Sri Lankan President Mahinda Rajapaksa says his country has been "liberated" from terrorism after 26 years of civil war.
Mr. Rajapaksa addressed the nation from parliament Tuesday.
On Monday, Sri Lanka's army chief, Lieutenant-General Sarath Fonseka, declared an end to the country's conflict with Tamil Tiger rebels, putting the entire nation under government control for the first time since 1983.
Sri Lankan state television said the leadership of the Liberation Tigers of Tamil Eelam has been decimated and the group's founder and leader, Velupillai Prabhakaran, was killed.
The rebels insisted early Tuesday in a statement carried on the pro-rebel Tamilnet Web site that Prabhakaran was still alive.
But a source in President Rajapaksa's office, speaking to VOA earlier on condition of anonymity, said a formal announcement will come after positive identification of the body is made.
The military also said it recovered the bodies of other top-ranked Tamil Tiger rebels, including Prabhakaran's son Charles Anthony.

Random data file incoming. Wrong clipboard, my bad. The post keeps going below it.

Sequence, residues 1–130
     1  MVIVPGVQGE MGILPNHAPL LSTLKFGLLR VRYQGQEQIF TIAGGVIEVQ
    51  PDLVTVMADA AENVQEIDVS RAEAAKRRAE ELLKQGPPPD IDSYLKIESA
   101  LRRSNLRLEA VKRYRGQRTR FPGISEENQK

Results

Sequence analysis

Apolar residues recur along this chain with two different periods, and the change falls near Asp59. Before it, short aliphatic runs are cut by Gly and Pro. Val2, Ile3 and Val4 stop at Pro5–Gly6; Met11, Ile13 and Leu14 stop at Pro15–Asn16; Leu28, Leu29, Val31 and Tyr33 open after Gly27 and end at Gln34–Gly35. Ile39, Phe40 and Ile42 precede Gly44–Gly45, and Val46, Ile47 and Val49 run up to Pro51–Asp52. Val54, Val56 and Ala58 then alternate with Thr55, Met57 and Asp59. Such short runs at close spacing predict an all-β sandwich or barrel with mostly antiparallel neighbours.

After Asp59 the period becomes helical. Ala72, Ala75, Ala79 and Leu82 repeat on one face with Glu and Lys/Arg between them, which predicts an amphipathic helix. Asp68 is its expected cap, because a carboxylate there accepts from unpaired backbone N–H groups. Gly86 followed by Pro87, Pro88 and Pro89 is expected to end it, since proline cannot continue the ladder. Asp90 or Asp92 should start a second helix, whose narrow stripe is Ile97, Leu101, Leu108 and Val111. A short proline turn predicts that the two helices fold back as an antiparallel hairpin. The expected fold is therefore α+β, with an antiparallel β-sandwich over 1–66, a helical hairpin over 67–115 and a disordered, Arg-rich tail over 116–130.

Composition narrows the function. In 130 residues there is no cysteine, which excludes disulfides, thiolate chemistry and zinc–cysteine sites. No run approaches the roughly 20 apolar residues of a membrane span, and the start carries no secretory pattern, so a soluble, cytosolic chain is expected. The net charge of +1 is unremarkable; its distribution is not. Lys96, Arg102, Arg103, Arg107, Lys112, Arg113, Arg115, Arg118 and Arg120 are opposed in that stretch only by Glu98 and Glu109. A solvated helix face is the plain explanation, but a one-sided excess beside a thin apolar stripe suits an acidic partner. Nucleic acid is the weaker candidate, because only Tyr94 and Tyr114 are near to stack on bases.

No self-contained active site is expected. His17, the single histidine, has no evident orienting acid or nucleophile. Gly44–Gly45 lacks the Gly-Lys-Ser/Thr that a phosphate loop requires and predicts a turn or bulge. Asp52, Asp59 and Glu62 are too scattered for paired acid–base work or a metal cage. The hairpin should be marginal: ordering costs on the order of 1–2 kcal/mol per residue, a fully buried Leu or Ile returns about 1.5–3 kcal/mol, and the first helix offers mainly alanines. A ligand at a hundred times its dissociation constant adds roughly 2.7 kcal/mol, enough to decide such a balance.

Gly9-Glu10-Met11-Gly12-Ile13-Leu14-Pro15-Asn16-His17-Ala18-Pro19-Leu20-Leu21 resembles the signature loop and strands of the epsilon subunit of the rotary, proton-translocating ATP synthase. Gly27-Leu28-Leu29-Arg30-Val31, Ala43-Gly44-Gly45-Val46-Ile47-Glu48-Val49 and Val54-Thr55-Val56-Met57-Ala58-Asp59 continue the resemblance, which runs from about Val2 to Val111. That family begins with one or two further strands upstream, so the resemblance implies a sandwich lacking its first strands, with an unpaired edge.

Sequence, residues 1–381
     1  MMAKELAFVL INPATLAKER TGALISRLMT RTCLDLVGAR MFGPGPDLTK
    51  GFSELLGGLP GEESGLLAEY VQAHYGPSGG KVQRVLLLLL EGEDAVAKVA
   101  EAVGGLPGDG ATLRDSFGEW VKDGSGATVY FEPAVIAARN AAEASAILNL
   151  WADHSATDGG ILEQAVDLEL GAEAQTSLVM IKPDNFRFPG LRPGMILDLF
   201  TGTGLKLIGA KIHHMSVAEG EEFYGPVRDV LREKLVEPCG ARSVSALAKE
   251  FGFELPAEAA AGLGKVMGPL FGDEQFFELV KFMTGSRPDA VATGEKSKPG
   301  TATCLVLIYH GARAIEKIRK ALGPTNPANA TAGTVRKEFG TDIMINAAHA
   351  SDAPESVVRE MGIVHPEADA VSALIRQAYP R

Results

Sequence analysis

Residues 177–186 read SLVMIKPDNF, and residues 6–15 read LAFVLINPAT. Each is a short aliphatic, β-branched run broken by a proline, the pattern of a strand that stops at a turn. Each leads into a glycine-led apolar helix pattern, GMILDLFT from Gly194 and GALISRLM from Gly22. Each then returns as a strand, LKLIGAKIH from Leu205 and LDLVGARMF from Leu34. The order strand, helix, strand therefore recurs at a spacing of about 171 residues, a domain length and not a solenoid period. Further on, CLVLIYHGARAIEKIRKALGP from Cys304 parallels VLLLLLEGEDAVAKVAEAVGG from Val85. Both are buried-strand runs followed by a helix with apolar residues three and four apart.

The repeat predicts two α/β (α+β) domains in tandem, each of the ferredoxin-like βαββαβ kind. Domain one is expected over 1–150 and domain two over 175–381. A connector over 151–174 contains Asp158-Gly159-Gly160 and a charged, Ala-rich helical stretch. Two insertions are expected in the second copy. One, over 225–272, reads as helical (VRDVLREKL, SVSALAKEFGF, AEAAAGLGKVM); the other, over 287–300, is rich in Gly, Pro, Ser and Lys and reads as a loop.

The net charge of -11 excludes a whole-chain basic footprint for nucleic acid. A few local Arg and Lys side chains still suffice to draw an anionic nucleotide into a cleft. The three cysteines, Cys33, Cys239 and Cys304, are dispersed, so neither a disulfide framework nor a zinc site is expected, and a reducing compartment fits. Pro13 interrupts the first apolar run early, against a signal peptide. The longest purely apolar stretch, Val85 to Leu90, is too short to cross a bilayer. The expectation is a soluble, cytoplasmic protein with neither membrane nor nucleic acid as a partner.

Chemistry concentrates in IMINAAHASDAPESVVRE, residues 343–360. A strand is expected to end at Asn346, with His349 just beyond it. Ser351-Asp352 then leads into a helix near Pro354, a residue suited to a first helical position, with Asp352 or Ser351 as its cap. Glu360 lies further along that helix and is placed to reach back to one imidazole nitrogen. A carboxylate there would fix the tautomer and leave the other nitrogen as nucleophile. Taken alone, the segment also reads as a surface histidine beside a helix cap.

A U.S. State Department spokesman Monday welcomed the reported end of hostilities and appealed for political reconciliation and help for tens of thousands of people displaced by the final weeks of combat.
The United Nations estimates up to 300,000 people have been displaced, and about 6,500 civilians have died in the fighting since January.
The U.N. has called for an investigation into possible war crimes committed by both the Sri Lankan government and the Tamil Tigers.
The European Union also called Monday for the Sri Lankan government to allow the U.N. full access to the conflict zone.
Since the Tamil rebels began their fight for a separate homeland for the ethnic Tamil minority, tens of thousands of people have died in the conflict.
Some information for this report was provided by AFP, AP and Reuters.